In Brief

Blowing Out Birthday Candles Is Grosser Than You Think

Birthday cake
(Image credit: Africa Studio/Shutterstock)

It's hard to turn down birthday cake, but a new study might have you thinking twice about taking a slice — researchers found that blowing out birthday candles increases the amount of bacteria on the cake by 1,400 percent.

For the study, the researchers made faux birthday cakes — they frosted a circular piece of foil and placed it on top of a Styrofoam base, and put candles through the foil into the Styrofoam. Then, they tested the frosting for bacteria either after the candles were blown out, or when the candles weren't blown out. They used sterile water to dilute the frosting, and spread it on lab dishes to see how much bacteria grew.

They found that, on average, blowing out the candles on the "cake" resulted in 15 times more bacteria on the frosting, compared with frosting that was not blown on. [5 Ways Gut Bacteria Affect Your Health]

Despite the "ick" factor of the finding, the researchers say you usually don't need to be concerned about eating birthday cake after someone blows out the candles. That's because, most of the time, these bacteria are not harmful.

"It's not a big health concern in my perspective," study co-author Paul Dawson, a professor of food safety at Clemson University in South Carolina, told The Atlantic. "In reality, if you did this 100,000 times, then the chance of getting sick would probably be very minimal."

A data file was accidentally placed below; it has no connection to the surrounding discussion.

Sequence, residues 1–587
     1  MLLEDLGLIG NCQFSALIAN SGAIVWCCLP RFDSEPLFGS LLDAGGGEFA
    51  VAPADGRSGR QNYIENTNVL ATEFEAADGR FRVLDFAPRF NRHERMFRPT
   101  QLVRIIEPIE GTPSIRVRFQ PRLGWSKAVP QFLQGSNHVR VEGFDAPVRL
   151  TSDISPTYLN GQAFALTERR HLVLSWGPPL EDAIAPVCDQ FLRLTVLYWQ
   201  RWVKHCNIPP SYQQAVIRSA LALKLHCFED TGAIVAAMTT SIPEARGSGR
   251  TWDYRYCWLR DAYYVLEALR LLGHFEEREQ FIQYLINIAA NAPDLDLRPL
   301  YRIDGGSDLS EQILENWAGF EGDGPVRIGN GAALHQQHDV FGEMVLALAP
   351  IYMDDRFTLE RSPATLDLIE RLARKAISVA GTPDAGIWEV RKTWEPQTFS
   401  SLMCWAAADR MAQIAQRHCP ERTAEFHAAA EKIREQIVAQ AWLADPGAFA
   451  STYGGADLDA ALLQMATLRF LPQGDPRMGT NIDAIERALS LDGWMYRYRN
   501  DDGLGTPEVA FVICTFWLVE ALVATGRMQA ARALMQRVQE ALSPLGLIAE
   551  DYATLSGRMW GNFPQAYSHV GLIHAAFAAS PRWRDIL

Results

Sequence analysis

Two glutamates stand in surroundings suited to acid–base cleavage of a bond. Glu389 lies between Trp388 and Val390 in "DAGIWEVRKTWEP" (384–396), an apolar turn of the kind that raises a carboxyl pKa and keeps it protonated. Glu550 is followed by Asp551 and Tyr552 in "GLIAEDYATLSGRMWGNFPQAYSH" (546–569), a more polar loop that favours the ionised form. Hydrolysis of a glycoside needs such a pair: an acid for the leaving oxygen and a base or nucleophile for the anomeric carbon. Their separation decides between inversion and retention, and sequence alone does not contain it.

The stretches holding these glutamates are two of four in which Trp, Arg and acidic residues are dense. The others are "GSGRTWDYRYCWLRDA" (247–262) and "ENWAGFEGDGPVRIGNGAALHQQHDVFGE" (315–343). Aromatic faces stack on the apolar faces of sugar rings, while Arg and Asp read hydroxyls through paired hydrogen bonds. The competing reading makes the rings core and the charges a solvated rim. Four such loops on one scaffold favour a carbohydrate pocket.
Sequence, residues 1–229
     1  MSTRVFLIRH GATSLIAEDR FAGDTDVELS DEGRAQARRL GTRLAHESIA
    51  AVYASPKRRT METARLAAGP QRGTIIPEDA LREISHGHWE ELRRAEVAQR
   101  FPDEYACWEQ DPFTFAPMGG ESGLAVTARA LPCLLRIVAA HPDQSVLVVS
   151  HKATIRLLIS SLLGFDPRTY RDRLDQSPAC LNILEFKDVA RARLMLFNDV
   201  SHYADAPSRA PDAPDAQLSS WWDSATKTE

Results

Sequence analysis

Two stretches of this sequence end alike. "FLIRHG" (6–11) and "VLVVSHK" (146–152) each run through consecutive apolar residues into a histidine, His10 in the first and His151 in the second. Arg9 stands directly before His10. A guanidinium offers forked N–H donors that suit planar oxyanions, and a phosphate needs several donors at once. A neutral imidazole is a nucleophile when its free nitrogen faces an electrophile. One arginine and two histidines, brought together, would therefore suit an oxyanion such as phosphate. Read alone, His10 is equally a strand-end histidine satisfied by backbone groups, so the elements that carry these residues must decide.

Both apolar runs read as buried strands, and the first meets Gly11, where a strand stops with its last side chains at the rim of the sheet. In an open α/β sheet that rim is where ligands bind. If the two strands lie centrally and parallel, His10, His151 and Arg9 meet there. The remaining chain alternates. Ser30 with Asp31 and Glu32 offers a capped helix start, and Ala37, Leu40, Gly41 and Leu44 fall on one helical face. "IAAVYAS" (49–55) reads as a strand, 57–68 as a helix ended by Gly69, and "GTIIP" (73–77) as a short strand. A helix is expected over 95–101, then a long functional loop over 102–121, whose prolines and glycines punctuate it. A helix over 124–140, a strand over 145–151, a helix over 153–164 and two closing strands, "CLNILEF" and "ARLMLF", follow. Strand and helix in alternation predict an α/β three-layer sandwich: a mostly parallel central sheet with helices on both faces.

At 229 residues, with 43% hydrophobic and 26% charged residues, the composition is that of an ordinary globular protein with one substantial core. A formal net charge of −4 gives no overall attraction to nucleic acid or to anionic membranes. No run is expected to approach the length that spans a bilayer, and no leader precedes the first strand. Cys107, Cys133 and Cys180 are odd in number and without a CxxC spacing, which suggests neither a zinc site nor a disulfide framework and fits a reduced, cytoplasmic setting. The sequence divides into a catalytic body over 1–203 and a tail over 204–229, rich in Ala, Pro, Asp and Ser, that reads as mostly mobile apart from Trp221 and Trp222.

Still, in theory, you could spread airborne diseases, such as the flu, by blowing on a birthday cake. So, as common sense will probably tell you, it's wise to avoid eating cake if the candle-blower is clearly sick, Dawson said.

The study was published online May 22 in the Journal of Food Research.

Original article on Live Science.

Rachael Rettner

Rachael is a Live Science contributor, and was a former channel editor and senior writer for Live Science between 2010 and 2022. She has a master's degree in journalism from New York University's Science, Health and Environmental Reporting Program. She also holds a B.S. in molecular biology and an M.S. in biology from the University of California, San Diego. Her work has appeared in Scienceline, The Washington Post and Scientific American.